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Hidden and Forbidden: Conceptualising Dark Knowledge

Burnett, S; Lloyd, A; (2020) Hidden and Forbidden: Conceptualising Dark Knowledge. Journal of Documentation , 76 (6) pp. 1341-1358. 10.1108/JD-12-2019-0234. Green open access

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Abstract

Purpose: The purpose of this paper is to introduce the concept of Dark Knowledge, an epistemology that acknowledges both alternative knowledge and ways of knowing which are cognizant of the moral and ethical positioning of each. Design/methodology/approach: This is a conceptual paper that uses existing relevant literature to develop the work. The paper uses a four-stage literature search process and draws upon a range of disciplines, including philosophy, computer science and information management, to underpin the evolution of the concept. Findings: As a conceptual paper, no empirical findings are presented. Instead, the paper presents an embryonic model of Dark Knowledge and identifies a number of characteristics, which may be used to explore the concept in more detail. Research limitations/implications: There is a clear need to develop a body of empirical work, adding to the theoretical perspectives presented in this paper. It is anticipated that this paper will provide one of the cornerstones for future studies in this area. Originality/value: The paper makes an original contribution to the study of information behaviours, practices and epistemology.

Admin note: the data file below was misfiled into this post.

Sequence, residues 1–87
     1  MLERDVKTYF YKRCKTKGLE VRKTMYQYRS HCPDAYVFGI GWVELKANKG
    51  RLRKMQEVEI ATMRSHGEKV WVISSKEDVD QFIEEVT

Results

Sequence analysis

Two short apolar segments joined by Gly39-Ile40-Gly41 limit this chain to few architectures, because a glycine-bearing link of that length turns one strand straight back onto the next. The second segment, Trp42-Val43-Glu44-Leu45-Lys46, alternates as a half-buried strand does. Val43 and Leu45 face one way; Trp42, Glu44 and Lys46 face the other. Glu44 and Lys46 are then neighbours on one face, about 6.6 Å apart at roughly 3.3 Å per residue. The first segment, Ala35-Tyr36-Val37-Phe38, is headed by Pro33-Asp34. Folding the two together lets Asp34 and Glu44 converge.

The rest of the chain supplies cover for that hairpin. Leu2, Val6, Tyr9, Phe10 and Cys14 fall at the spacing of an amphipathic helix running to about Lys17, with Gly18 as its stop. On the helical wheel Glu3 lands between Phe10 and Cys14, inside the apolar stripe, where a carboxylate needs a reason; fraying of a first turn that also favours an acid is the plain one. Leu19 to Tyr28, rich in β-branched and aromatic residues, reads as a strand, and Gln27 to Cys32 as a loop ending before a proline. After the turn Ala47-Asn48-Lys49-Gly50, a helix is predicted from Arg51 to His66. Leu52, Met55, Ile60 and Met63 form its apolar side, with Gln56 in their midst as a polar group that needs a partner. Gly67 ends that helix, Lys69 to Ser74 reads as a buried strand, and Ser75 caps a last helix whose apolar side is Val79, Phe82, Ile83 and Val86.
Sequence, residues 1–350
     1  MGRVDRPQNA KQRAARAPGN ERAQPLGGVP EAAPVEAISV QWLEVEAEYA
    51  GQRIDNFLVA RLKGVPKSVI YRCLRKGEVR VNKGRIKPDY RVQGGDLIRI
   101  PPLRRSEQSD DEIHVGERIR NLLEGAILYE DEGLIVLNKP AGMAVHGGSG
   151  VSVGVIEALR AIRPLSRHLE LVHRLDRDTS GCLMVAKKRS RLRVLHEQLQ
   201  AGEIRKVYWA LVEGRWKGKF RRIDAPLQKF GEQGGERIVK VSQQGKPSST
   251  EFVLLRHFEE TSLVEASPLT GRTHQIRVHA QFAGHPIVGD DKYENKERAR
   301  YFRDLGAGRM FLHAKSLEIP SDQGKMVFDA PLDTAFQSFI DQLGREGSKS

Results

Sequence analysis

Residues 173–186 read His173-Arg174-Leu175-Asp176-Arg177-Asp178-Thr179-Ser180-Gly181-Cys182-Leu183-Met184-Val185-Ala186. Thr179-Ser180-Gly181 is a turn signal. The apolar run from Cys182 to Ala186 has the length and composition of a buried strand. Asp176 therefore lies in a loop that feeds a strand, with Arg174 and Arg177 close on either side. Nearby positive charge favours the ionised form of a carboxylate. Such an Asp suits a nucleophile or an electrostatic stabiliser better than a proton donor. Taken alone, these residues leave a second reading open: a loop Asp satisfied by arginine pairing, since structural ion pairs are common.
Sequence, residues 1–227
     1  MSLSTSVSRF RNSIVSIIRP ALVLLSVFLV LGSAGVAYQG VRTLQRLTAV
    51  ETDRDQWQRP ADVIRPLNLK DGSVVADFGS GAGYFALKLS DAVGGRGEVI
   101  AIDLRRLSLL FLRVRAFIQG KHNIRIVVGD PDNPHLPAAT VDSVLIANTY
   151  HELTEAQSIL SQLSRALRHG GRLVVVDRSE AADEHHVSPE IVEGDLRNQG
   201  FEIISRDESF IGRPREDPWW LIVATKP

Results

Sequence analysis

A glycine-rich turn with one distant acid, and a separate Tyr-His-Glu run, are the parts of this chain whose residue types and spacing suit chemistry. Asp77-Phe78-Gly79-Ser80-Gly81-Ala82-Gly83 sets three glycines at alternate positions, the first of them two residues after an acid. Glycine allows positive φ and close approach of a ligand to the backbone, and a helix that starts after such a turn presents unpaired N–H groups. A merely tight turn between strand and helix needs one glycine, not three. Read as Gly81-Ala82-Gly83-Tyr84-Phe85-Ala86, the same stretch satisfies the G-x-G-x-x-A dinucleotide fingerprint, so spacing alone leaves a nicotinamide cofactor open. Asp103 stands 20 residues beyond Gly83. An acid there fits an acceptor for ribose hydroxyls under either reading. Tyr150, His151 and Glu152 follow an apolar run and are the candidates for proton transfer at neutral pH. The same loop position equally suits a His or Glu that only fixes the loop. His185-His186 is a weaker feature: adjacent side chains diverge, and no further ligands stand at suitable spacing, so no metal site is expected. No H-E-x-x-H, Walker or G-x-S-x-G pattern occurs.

Type: Article
Title: Hidden and Forbidden: Conceptualising Dark Knowledge
Open access status: An open access version is available from UCL Discovery
DOI: 10.1108/JD-12-2019-0234
Publisher version: https://doi.org/10.1108/JD-12-2019-0234
Language: English
Additional information: This version is the author accepted manuscript. For information on re-use, please refer to the publisher’s terms and conditions.
UCL classification: UCL
UCL > Provost and Vice Provost Offices > UCL SLASH
UCL > Provost and Vice Provost Offices > UCL SLASH > Faculty of Arts and Humanities
UCL > Provost and Vice Provost Offices > UCL SLASH > Faculty of Arts and Humanities > Dept of Information Studies
URI: https://discovery.ucl.ac.uk/id/eprint/10094954
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